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Fundamental Analysis: Principles, Types, and How to Use It

File Photo: Fundamental Analysis: Principles, Types, and How to Use It
File Photo: Fundamental Analysis: Principles, Types, and How to Use It File Photo: Fundamental Analysis: Principles, Types, and How to Use It

What’s fundamental analysis?

Fundamental analysis (FA) evaluates economic and financial elements to determine a security’s fundamental worth. An investment’s intrinsic worth depends on the issuing company’s finances and market and economic conditions.

Fundamental analysts examine all elements that might impact a security’s value, from macroeconomic factors like the economy and industry to microeconomic factors like management performance.

The idea is to find a figure that an investor may compare to a security’s current price to assess if other investors undervalue or overvalue it.

Knowing Fundamental Analysis

Fundamental analysis uses a macro-to-micro viewpoint to find mispriced assets.

Analysts study sequentially:

  • Overall economic situation
  • Specific industry strength
  • The stock issuer’s financial performance

This provides a fair stock price.

Sources for Fundamental Analysis

Fundamental analysis values investments using public financial data. Financial statements like 10-Q and 10-K reports and filings provide the data. Public corporations must submit the 8-K after any reportable event, such as an acquisition or top management change, making it informative.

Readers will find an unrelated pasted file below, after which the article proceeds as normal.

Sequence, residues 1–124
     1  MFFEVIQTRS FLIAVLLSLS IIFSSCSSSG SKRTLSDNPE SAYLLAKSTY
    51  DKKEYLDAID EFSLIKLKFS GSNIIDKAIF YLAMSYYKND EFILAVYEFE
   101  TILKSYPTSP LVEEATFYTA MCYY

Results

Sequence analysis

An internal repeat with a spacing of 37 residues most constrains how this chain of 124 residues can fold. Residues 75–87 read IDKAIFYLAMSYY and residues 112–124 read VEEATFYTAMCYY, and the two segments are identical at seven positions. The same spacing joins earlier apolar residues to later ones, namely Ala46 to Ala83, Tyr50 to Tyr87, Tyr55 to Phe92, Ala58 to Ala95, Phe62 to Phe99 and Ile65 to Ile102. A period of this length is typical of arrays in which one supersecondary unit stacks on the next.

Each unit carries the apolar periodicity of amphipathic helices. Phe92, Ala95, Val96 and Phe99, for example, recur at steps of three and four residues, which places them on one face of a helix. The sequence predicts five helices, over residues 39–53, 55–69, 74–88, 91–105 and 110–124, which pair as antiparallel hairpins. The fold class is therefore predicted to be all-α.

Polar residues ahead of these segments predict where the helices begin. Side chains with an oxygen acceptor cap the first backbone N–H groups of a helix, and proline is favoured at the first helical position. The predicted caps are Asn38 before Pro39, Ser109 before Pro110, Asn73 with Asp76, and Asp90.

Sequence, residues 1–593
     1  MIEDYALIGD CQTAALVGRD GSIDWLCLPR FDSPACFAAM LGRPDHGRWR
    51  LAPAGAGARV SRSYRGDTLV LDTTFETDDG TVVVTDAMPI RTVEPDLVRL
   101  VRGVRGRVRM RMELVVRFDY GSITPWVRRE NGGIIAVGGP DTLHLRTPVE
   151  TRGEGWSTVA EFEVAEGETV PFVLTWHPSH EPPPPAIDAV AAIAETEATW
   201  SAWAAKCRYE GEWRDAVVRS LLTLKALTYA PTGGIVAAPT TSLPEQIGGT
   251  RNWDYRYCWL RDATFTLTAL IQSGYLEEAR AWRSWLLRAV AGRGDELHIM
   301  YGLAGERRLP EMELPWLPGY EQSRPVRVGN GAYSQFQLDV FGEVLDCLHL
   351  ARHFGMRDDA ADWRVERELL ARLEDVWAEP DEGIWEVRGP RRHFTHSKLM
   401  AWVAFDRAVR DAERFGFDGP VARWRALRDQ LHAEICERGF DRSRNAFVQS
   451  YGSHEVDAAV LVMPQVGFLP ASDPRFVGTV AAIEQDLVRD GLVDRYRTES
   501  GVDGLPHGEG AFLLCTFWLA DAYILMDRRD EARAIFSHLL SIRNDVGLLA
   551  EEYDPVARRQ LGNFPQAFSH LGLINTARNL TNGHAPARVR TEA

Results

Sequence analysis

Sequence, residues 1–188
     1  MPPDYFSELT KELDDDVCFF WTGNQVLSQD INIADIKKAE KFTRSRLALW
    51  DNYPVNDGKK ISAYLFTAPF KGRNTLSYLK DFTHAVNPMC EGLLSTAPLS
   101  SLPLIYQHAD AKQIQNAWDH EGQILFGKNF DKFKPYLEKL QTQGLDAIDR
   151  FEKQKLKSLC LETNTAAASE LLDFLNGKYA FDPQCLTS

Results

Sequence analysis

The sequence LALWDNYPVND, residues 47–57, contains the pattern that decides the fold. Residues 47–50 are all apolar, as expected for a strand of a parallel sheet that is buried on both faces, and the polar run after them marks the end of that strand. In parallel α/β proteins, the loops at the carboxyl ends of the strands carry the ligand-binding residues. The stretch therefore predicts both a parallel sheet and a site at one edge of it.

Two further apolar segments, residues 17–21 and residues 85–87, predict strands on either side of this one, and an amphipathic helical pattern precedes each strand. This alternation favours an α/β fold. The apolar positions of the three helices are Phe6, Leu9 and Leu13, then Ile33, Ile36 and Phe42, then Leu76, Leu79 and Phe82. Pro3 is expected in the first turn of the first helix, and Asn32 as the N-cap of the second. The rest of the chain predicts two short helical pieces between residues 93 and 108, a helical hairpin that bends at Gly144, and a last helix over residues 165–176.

Most public and private firms post yearly reports on their investor relations websites, including financial choices and results.

A fundamental study of a bond’s value could consider interest rates and the economy. Assess the bond market and utilize financial data from similar bond issuers. Finally, assess financial data from the issuing firm, including external considerations such as credit rating fluctuations. You may also check the issuer’s 8-K, 10-Q, 10-K, and annual reports for updates on their aims and activities.

Fundamental analysis evaluates a company’s worth and growth potential based on its revenues, profits, future growth, return on equity, and profit margins.

Inner Value

Compared to publicly accessible financial data, fundamental analysis assumes that a stock’s present price frequently does not entirely reflect the company’s value. Another assumption is that the company’s primary data is more likely to reflect the stock’s worth.